For some quiet reflecting time in in Bali, look no further than the crystal pools of Tirtagangga Water Garden and Taman Ujung Water Palace. These beautiful complexes are born of Balinese royalty, back in their pre-WWII heyday of the early 20th century. Besides being a playground for photographers, the gardens are a relaxing getaway from the touristy parts of Bali. Both are within close driving distance of each other and can be enjoyed in a day or afternoon excursion.
Tirtagangga (map), located near the town of Amlapura, is the more well-known of the two. Built in 1948 by the last Raja of Karangasem, the garden’s name literally translates into “Blessed water from the Ganges,” the holy river in India. Tirtagangga itself has a natural spring that is considered holy water, which is used for religious ceremonies as well as for drinking water for the town of Amlapura and for irrigating the local rice paddies. Guests are free to roam and play — hopscotch across the playful Mahabharata Pond, or dip your fingers into the 11-tiered Nawa Sanga fountain. A swimming pool on the upper level of the garden is open to the public, and looks more and more enticing as the day’s sun beats down on your neck. Entrance fee to the garden is Rp 5.000 ($0.55 USD), with an additional fee for swimming.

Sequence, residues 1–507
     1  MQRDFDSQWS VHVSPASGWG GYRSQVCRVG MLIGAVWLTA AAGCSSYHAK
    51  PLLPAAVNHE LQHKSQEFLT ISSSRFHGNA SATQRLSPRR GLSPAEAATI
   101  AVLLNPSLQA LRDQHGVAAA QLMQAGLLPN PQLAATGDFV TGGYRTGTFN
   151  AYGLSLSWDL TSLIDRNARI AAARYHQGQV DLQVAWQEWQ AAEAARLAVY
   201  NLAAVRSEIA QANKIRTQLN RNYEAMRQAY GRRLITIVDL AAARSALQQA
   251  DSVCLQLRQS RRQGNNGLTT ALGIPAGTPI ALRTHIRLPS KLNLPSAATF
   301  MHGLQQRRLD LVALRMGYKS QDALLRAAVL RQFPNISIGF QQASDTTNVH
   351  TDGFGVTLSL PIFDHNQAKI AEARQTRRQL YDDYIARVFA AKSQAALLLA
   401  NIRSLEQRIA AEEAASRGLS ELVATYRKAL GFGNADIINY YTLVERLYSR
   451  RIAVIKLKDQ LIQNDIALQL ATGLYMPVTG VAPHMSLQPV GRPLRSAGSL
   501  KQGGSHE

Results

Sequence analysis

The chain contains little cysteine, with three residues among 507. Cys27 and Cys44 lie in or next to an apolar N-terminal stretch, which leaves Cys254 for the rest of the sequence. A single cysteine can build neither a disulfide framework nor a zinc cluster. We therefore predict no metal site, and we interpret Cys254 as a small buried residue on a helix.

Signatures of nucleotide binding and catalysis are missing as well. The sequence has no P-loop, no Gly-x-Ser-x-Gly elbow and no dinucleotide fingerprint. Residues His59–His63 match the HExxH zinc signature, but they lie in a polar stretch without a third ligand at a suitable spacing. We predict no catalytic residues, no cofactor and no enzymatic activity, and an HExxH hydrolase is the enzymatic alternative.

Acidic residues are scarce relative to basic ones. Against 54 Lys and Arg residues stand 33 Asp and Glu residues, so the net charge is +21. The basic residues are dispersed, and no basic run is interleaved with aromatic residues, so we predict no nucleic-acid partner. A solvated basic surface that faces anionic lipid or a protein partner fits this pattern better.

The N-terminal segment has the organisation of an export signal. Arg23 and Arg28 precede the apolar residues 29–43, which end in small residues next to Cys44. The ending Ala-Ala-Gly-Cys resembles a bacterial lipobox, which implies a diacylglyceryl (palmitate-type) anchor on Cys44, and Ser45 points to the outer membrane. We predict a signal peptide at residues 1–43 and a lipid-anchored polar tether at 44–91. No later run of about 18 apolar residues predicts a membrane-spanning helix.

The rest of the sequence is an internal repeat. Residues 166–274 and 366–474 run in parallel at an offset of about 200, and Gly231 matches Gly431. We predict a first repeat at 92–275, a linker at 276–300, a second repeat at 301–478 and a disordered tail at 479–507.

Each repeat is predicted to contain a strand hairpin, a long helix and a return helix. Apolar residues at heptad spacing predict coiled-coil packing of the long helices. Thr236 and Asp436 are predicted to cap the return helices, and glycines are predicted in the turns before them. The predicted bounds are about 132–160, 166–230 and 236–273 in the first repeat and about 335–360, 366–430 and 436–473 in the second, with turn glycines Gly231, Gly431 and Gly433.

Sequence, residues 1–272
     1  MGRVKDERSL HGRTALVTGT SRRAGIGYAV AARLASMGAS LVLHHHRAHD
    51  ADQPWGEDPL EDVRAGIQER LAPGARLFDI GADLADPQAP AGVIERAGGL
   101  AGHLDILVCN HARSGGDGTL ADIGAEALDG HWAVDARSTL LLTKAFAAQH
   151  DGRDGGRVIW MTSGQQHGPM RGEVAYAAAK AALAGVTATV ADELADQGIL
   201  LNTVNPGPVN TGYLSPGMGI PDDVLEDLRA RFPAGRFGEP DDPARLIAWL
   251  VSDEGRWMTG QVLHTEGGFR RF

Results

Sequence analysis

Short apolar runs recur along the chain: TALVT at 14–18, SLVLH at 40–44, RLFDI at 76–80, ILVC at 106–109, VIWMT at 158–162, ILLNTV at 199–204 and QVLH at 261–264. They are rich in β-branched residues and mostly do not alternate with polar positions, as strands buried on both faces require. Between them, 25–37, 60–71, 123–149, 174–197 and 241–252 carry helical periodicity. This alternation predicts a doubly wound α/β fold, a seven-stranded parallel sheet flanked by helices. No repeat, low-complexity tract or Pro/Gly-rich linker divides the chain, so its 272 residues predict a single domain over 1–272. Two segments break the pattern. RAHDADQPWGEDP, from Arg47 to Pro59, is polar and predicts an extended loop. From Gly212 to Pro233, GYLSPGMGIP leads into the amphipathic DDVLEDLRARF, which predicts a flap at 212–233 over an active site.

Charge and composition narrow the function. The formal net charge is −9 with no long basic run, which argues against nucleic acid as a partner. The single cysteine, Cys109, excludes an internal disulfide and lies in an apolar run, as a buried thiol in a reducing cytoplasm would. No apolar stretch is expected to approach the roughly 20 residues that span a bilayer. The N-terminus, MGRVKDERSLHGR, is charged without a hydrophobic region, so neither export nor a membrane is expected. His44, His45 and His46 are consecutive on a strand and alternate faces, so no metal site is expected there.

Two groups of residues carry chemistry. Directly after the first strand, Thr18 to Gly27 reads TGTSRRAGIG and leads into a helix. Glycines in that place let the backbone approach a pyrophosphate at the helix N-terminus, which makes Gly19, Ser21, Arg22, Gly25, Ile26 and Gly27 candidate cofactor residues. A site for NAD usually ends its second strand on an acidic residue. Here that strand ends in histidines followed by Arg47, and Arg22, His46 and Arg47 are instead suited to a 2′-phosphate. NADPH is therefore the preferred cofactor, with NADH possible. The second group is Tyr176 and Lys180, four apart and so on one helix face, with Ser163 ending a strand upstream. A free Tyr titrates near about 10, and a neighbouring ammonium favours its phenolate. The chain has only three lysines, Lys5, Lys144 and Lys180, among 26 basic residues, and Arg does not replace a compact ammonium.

Taman Ujung (map), located next to the black sand beach of the coastal city of Ujung, is the water palace of the late King of Karangasem, who ruled in the first half of the 20th century. The grounds destroyed in the explosion of nearby Mt. Agung in 1963 and further ruined by an earthquake in 1979. The government and royal family have since restored Taman Ujung. The expansive grounds dilute the few tourists who make it over here, making this water palace a quieter and more peaceful stroll than Tirtagangga. Wander into the rooms of the palace itself, or climb the terraces for a bird’s-eye view of the grounds. And while you may be the only tourists around, you’ll probably catch a glimpse of newlyweds posing for wedding pictures — this place has caught the eye of many a fanciful Asian bride. Entrance fee to the water palace is Rp 10.000 ($1.10 USD).